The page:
Teri and Matthew McGinnis, center, discuss their situation with their advisers.
Matthew McGinnis wanted to get a college degree, and he did. It took five years and several student loans, but he got his mechanical-engineering degree. His wife, Teri, studied art at UT and also took out student loans.
Now it's payback time, and the total of $85,000 in student loans is hurting them financially.
Mr. McGinnis, 30, a computer systems administrator for Exel, Inc., and Mrs. McGinnis, 29, a part-time ceramic-art teacher, have an annual income of about $70,000.
But the student loans - combined with $4,100 in credit-card balances and medical bills of nearly $2,900 - make it tough to keep up.
They recently missed a payment on the $103,000 mortgage on their $114,000 Swanton home and are behind on their student-loan payments totaling nearly $700 monthly.
The couple also have to think about educating their three sons and a daughter, ages 5 to 12, and look ahead to their retirement a generation from now.
In addition, Mrs. McGinnis, who has had medical problems that kept her from working, is trying to start up a ceramics business and has bought several thousand dollars' worth of inventory.
“Our bills are more than we make,” said Mr. McGinnis.
But, he added, “I feel that I have a good understanding of financial principles but lack the resources and/or credit to put them into action.”
Planners Mark Ferris and Mindy Carr told the couple that debt consolidation - now, if possible, but more likely later because of credit problems - could free up hundreds of dollars monthly, perhaps as much as $950.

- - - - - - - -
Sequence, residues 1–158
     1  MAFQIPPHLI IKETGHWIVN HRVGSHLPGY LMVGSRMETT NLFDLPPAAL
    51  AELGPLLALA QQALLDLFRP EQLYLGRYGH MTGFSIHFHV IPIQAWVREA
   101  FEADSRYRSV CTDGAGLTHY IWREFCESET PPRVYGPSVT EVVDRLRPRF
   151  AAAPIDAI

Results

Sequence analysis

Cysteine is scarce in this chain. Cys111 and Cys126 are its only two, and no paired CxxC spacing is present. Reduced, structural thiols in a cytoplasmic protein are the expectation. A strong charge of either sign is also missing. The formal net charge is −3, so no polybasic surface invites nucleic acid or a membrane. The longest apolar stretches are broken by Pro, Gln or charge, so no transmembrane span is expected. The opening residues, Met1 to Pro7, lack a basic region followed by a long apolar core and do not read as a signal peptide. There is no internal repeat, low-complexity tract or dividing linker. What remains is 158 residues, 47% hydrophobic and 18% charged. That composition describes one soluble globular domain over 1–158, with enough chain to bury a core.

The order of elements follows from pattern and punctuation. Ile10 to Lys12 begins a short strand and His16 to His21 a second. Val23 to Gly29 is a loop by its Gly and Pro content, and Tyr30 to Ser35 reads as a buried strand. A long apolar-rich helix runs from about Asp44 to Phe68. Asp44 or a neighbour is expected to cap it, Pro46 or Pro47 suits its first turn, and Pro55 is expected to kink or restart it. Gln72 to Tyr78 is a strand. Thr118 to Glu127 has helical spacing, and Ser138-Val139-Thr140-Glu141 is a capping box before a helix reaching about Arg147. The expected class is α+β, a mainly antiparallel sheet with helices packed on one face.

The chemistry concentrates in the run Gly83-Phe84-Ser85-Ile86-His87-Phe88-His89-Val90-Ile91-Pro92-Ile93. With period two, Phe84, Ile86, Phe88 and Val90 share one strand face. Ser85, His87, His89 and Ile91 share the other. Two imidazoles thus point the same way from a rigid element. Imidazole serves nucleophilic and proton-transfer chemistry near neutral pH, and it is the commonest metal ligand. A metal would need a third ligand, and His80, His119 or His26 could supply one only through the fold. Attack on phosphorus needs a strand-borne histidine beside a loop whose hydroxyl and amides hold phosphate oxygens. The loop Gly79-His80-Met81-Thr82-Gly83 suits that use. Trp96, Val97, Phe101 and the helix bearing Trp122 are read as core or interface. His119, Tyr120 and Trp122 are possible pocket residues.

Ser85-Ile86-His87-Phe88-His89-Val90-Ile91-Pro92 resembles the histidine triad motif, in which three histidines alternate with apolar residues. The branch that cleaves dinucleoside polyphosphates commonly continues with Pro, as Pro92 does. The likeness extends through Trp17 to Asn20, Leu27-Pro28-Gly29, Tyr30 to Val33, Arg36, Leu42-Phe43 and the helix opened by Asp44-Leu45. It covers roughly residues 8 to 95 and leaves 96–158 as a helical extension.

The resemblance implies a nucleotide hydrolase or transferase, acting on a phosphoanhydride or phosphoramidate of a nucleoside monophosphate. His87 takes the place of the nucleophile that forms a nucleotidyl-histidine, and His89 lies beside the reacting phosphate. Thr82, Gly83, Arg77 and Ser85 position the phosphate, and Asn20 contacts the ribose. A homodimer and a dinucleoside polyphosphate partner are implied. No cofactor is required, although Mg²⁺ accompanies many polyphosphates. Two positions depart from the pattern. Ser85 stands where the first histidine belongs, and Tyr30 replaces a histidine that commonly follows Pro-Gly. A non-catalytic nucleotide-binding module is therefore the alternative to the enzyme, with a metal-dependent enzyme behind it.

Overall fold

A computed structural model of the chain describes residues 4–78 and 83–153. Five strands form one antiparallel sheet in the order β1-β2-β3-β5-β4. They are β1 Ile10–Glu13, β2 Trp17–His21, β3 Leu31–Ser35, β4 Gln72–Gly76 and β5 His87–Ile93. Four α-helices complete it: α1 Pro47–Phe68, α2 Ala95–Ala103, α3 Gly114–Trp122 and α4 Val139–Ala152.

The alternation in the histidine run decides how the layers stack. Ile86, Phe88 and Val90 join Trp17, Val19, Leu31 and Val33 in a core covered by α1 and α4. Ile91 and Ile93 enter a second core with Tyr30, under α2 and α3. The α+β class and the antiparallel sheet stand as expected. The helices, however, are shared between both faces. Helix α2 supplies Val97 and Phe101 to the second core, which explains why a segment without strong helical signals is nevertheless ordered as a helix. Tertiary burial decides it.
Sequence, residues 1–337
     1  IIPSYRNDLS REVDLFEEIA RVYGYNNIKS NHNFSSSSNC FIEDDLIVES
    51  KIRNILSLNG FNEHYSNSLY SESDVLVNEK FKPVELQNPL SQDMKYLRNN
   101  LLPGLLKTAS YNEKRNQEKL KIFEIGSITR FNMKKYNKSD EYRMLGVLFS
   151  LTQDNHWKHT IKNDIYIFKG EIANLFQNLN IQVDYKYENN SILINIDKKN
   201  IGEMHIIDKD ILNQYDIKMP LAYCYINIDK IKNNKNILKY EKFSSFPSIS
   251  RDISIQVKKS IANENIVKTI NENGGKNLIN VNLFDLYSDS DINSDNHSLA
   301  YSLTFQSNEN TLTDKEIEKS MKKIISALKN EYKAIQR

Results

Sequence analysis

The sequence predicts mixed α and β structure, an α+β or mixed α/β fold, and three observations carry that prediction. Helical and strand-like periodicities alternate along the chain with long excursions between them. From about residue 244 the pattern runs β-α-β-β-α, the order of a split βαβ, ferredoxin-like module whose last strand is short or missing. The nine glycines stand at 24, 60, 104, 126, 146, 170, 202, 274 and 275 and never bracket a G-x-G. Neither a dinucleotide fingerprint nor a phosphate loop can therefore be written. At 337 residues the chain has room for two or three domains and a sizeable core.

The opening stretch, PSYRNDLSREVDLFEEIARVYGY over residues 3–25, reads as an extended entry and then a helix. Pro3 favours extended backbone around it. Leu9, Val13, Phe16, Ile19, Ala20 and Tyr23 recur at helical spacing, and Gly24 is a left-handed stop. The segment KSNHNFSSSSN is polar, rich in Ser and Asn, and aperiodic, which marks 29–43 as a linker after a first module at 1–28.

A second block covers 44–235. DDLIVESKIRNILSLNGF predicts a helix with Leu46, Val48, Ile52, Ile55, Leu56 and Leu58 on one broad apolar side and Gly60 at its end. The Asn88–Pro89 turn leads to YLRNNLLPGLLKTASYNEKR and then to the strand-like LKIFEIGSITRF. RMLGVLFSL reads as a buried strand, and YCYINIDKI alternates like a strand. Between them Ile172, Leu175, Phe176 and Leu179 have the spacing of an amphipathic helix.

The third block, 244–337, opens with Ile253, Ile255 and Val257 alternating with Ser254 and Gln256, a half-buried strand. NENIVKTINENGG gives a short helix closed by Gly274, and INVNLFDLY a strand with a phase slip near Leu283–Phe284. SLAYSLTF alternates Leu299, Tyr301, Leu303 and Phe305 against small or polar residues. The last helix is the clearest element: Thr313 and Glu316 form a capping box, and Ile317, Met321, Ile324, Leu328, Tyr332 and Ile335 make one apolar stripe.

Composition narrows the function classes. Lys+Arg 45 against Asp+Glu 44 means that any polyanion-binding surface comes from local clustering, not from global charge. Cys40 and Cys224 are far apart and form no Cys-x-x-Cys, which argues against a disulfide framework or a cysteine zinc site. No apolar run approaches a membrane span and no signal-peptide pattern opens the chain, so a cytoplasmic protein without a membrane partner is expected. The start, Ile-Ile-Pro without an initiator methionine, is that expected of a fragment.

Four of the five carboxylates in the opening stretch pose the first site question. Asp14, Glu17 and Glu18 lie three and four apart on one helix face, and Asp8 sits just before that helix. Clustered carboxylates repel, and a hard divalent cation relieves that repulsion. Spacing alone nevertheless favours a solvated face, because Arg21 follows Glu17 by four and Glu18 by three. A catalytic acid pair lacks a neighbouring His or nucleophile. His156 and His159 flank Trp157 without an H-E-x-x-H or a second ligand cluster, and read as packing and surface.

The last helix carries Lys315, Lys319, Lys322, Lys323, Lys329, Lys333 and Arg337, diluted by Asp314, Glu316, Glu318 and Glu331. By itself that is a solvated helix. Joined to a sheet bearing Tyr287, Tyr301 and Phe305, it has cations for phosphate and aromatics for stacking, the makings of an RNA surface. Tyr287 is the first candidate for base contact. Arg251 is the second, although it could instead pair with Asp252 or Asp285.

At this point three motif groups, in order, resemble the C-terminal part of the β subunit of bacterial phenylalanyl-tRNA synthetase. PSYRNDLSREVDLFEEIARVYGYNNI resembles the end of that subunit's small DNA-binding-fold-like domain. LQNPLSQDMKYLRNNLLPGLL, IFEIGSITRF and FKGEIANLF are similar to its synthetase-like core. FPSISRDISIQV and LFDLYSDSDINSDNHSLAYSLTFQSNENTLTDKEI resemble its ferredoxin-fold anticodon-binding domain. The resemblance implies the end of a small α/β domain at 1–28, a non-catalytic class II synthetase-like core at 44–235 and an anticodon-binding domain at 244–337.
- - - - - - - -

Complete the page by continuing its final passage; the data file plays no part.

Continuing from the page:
Mr. McGinnis has begun the process of consolidating the student loans.
If they could qualify for a home-equity loan, they might be able to wipe out some of the higher-interest credit-card balances.
“We have to back up a few steps and get past the big elephant in front of us,” Mr. Ferris told Mr. McGinnis.
Then, he advised, the family should begin saving.
Mr. Ferris recommended that Mr. McGinnis get into his company's 401(k) plan as soon as possible, at least up to 4 percent of his salary, to maximize the company matching. That would require more than $200 a month.
He also suggested putting $100 a month into a savings account, for emergencies.
Ms. Carr urged the couple to contact a nonprofit consumer credit-counseling service to help establish a budget and debt repayment schedule.
The agency contacts creditors and negotiates interest rates for debtors.
“A lot of people start to think about bankruptcy, but I suggest you try credit counseling first,” Ms. Carr said.
Planners told Mr. McGinnis he's probably paying too much for his life insurance - $322 a year for $188,000 of term insurance.
By shopping around, he could get $500,000 worth of term insurance for an additional $50 a year, they said.
And Mrs. McGinnis, even with some health problems, probably could get $250,000 worth of term insurance for less than $450 annually.